Like Nate Bell, I am set back by what Trumpism has revealed about (some of) my friends, peers, neighbors and extended family. The rift that clearly exists between Trumpists and Never-Trumpists is not about policy but mostly about style and character. I cringe every time I see, which is often more than once a day, how the leader of the free world drapes himself in the American flag while -in the words of David Rothkopf – embracing nearly constant jingoism and denying people who disagree with him the mantle of patriotism. I have never been one to believe that the ends justify the means. I do not dispute that a more assertive American policy in the relationship with our allies and trade partners was probably overdue, but it matters a great deal how one plays in the sandbox. This President has no respect for continuity of purpose in America’s relationship with its allies and adversaries and is all about personal glorification, adding to the Trump brand, never mind that his successor will have to clean up the mess.

My uneasiness stems from the fact that many of my friends, peers, neighbors, and extended family members don’t see it that way. Would they put up with Trump-like behavior from their bosses, their direct reports, or members of their network? Not a chance! But for this President of the USA the normal rules of personal conduct are suspended, because the economy is booming and the stock market is at an all time high. Do they really believe that under a true Republican conservative President this would not have happened? And is it worth paying the price of near universal ridicule and contempt from the rest of the free world?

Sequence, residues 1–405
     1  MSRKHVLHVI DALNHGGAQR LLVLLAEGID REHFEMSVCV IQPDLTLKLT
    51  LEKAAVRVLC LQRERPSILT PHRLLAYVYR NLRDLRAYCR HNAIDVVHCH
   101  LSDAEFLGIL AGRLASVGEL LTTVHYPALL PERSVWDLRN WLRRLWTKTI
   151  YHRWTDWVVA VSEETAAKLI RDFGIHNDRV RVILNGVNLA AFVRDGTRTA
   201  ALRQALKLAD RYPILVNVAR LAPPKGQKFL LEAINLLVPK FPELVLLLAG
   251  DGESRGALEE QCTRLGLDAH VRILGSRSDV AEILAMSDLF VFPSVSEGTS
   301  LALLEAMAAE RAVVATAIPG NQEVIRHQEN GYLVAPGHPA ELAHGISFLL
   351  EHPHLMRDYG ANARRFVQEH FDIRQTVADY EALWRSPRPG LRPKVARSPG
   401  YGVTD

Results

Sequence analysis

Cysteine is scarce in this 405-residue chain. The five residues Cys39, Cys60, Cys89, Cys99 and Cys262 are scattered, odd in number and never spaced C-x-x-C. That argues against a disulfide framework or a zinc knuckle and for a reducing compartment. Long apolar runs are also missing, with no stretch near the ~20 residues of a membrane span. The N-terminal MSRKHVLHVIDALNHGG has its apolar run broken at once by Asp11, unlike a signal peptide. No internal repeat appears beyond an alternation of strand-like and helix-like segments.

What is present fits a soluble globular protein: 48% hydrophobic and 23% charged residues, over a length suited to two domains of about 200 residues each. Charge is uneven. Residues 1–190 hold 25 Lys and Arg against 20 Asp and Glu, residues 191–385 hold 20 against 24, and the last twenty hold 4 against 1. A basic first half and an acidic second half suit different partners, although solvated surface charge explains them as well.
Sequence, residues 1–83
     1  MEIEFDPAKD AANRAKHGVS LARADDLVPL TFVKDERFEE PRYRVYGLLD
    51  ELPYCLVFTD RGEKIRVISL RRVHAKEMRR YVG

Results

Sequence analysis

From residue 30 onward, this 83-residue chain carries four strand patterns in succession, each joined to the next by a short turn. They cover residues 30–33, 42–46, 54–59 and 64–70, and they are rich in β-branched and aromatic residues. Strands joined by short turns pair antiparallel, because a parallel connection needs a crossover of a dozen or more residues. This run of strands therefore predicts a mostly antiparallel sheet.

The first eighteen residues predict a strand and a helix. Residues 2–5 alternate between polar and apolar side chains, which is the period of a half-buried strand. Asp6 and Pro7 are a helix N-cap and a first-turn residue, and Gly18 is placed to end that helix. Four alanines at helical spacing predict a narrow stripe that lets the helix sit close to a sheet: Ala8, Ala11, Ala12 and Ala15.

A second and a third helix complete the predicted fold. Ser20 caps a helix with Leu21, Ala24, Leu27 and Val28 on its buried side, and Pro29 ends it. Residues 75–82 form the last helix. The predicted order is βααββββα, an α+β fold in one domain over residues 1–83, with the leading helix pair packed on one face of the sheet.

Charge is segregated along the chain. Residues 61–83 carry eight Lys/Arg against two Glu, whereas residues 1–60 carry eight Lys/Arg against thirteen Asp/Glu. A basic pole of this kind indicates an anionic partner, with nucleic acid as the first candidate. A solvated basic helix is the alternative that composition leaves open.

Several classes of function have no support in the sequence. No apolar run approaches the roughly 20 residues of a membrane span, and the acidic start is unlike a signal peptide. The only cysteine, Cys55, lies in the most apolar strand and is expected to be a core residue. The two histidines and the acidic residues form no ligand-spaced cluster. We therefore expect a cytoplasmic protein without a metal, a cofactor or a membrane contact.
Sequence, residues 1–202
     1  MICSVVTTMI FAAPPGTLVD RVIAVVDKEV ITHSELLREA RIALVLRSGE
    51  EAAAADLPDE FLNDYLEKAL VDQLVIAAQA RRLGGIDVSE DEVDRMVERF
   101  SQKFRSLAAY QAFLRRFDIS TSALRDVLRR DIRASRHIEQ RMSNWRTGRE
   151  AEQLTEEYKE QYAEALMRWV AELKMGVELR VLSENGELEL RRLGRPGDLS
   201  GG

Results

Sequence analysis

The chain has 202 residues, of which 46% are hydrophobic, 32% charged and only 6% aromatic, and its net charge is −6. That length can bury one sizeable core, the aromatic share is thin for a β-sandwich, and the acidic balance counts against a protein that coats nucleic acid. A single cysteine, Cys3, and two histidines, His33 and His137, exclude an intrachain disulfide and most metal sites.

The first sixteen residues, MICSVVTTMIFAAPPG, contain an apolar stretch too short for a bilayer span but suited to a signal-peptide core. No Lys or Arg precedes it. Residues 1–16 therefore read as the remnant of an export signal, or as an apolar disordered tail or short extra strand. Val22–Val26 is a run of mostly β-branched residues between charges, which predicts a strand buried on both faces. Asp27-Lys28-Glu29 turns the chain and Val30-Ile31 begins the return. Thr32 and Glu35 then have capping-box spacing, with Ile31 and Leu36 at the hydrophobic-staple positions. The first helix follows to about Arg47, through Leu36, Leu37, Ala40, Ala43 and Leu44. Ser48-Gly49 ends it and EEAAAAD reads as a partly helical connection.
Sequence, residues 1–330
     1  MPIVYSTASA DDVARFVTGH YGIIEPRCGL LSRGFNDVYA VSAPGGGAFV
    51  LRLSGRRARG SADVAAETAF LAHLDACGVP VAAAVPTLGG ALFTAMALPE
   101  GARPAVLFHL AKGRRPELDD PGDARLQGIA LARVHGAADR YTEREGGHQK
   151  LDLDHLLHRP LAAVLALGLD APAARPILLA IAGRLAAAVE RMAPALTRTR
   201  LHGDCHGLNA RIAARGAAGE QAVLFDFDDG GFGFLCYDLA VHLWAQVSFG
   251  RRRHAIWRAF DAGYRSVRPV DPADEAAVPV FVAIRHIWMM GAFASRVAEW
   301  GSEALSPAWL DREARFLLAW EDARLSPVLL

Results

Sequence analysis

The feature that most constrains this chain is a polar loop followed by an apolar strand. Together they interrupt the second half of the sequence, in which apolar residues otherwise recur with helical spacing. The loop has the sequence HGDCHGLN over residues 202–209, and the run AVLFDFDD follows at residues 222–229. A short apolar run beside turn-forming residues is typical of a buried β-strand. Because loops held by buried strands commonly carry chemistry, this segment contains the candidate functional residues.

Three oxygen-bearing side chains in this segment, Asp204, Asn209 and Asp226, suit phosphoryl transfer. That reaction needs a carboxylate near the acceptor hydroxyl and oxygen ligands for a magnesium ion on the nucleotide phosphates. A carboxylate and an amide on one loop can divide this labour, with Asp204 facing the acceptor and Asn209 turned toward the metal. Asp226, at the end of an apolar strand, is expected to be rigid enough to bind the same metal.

I admit to being part of the problem. Finding myself no longer on speaking terms when it comes to domestic politics with those who will defend this charlatan of a President à tort et à travers. At my age, I can ill afford to lose friends, when natural attrition is already taking a steep toll. It hurts, but for me it is a matter of human decency and civilized norms that I cannot disavow.

To the victor go the spoils. With the benefit of hindsight, we can now unequivocally say who was on the wrong side of history in the three previous episodes of serious national discord rising to the level of internecine strife. The loyalists, the confederates and the Vietnam hawks got the short end of the stick and were condemned to live with the ignominy of having been found to have been supporting the wrong (lost) cause. It gives me good reason to believe that 50 years from now (but hopefully sooner) it will become indisputably clear that Trumpism was an aberration, an episode of a large part of the public, misled by a seriously flawed character with appeals to people's basic instincts of fear, aggression and contempt, finding themselves on the wrong side of the arc of history.